The real fun began when I got home at 4pm later that day, and called for an update again.  After several epochs on hold, the “conversation” morphed into a surreal exchange where logic and foundation evaporated and I became trapped in a Gordian Knot of language.  Here is an excerpt (the agent is in italics).

“Ah yes, It says here that your drug pre-authorization has been denied.”

“Denied? That seems odd, considering I’ve been getting this medication from you for several years now.”

“Yes, it says here the Kineret was denied because you need to try Humira or Enbrel first.”

“I was on those medications for years already.  You guys have my medical records.”

“The authorization the doctor just sent doesn’t say you tried those medications first.”

“Yes, but you have my medical records, plus all the other authorizations that say I did try them first.  It’s obviously an oversight, and besides, it doesn’t say I didn’t take them either.” (It seems this bit of logic caused some sort of mini-stroke, because from here on in, it gets much worse).

“Well, uh, it doesn’t matter, it doesn’t say you tried them first so it was denied.”

“Fine then, I’ll have the doctor send another authorization.”

“No, you can’t do that, now you have to appeal the decision.”

“Wait, I don’t understand.  I have been on this medication, from you, for years, and now you are telling me I have to file an appeal to get the medication from you, the medication I have been on for years, the medication that you have a valid refill script for, and that you filled the first two refills of.  Just check your own records, this is absurd.”

“I’m sorry Sir but we aren’t allowed to look back.”

“You aren’t allowed to look at old records? Then why do you keep records at all?  If the only way to view something from the past is to actually build a time machine and go TO the past, then what’s the point of keeping anything?  Besides, an appeal will take weeks, I run out of this medication tomorrow.”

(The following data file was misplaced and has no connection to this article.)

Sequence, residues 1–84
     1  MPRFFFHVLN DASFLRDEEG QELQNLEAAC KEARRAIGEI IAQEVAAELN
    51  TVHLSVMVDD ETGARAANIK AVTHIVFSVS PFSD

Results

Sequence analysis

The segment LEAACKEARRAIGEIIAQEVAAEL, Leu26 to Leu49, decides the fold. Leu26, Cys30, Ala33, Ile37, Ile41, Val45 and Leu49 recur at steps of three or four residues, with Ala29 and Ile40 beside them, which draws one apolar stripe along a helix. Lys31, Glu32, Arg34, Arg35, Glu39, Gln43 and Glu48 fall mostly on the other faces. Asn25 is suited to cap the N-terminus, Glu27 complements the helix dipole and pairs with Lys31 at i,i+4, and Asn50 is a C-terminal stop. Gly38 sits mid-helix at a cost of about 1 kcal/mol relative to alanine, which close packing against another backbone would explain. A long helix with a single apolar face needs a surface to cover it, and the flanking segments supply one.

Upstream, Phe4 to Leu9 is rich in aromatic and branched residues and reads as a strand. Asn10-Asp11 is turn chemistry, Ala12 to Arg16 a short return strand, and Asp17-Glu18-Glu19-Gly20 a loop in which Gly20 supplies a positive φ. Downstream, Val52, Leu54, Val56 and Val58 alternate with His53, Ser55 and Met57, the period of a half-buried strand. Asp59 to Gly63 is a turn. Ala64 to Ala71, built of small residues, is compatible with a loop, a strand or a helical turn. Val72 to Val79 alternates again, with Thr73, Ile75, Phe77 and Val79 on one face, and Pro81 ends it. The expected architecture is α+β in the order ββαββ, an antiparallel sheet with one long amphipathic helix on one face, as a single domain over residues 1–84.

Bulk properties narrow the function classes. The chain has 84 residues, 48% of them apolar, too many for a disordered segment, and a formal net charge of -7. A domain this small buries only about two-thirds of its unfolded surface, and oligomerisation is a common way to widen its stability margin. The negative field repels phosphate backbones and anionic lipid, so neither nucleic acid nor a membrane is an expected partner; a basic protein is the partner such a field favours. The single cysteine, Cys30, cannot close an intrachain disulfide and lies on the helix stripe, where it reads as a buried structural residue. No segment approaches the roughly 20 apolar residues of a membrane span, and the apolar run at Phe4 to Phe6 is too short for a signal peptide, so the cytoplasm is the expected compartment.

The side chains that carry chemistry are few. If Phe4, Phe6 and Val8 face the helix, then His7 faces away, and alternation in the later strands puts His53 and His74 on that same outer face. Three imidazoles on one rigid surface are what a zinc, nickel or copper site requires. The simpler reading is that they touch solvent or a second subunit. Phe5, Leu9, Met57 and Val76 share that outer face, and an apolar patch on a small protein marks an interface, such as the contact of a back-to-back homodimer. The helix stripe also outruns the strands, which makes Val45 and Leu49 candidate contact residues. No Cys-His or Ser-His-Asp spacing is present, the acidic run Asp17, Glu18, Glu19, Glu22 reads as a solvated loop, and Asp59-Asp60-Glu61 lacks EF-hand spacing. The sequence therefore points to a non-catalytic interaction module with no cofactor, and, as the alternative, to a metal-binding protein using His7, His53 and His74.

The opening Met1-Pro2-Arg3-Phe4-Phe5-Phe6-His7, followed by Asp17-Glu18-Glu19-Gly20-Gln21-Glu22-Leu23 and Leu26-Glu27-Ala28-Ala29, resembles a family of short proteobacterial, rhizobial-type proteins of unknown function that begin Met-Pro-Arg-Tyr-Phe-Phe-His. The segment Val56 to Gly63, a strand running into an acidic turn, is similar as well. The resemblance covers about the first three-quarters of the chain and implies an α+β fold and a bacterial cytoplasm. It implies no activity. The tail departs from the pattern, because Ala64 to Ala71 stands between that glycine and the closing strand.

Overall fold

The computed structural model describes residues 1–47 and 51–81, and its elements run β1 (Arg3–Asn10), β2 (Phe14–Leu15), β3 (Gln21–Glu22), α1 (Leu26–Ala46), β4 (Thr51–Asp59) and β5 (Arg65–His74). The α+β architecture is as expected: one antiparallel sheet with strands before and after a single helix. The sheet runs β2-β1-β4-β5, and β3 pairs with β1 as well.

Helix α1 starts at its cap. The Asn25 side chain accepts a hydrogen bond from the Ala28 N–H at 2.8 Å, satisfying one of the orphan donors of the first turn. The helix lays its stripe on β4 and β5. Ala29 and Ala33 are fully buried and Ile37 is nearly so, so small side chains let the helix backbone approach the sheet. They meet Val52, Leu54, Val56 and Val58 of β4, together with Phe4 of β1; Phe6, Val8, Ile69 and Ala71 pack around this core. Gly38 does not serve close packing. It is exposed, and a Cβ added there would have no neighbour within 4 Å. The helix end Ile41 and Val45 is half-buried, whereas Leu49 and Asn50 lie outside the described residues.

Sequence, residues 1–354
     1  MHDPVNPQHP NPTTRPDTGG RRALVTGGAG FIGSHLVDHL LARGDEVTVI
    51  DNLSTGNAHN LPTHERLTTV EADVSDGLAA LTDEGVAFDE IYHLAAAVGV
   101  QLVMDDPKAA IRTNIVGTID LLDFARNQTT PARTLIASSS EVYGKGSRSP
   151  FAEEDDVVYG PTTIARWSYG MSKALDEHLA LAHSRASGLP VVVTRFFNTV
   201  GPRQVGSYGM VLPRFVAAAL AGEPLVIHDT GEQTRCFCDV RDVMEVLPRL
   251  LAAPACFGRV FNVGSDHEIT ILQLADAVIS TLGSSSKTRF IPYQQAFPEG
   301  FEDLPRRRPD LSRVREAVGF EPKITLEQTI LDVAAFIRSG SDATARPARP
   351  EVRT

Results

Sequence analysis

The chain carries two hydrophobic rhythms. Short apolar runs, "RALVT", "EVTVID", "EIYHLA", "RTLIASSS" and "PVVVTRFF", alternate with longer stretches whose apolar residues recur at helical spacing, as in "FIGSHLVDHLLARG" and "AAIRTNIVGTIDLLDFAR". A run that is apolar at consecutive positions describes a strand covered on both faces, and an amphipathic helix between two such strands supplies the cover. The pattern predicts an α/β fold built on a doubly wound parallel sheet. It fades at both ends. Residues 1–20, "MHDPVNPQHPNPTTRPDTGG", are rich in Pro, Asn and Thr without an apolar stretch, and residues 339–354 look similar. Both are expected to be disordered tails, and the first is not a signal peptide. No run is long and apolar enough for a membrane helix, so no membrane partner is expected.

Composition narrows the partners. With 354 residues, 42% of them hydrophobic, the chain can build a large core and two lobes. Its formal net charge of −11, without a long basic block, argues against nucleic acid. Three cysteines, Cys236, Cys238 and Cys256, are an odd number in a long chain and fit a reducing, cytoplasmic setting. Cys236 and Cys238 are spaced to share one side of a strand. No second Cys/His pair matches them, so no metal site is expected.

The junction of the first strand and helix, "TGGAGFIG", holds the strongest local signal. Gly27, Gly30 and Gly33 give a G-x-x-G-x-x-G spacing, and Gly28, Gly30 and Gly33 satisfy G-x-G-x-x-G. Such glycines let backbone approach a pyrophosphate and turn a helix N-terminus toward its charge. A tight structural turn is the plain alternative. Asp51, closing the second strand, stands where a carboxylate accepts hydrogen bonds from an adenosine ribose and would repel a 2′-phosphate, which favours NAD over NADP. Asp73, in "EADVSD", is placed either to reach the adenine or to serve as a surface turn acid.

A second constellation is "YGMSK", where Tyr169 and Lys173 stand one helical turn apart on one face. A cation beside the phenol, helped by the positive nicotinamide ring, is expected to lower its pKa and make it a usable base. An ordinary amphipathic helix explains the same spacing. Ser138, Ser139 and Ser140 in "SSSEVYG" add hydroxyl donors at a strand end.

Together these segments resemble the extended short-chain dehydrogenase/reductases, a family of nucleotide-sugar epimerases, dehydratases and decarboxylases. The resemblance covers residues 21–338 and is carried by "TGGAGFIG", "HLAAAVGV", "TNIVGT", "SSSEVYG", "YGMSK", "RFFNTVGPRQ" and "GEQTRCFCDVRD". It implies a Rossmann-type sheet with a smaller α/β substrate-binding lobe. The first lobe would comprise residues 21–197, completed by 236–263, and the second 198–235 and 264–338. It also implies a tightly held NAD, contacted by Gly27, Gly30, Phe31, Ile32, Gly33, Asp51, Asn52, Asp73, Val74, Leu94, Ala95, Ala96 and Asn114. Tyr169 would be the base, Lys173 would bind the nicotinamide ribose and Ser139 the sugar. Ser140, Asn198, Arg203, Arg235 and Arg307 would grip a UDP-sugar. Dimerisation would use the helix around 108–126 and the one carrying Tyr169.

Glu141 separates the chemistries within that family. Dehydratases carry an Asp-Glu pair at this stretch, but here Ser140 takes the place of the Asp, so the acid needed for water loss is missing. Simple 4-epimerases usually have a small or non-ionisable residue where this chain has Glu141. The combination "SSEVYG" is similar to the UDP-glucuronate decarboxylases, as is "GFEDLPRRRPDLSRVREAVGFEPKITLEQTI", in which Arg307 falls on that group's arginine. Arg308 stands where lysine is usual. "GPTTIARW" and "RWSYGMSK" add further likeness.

“Well, even if I was able to look back I wouldn’t be able to go by an old document, only the last one sent counts.”

“Yes, but don’t you understand, no matter what the latest authorization says, it doesn’t make me un-take the medication that I’ve already taken years ago.  This isn’t the Butterfly Effect.”

“You need to request an urgent appeal which will be completed within 72 hours.”

“Yes, but even 72 hours means I will run out of medication because today is Thursday and you guys don’t ship medicine on Sunday.  Oh, also, you have all the documentation you need to see that I’ve been getting this medication from you, for years, without any issues.  Is there someone I can talk to there who has basic deductive reasoning skills?  You know, cause, effect, if, then?”

At this point the woman’s head exploded and I was transferred to three different departments, all giving me different solutions, before I was finally transferred back to the first department again and I died a little inside.  I eventually realized I’d have to suck it up while they went through the urgent appeals process, so I loaded up on steroids and made it until Monday when my refills arrived.

I’d love to tell you that this was an isolated incident, but it isn’t.  In my almost thirty years of disease, I have had conversations that, believe it or not, are several magnitudes of absurdity worse than this one.  The state of medical insurance in this country for chronically ill individuals is abysmal, and it needs to change.  If you can get someone on the phone to help you, that is.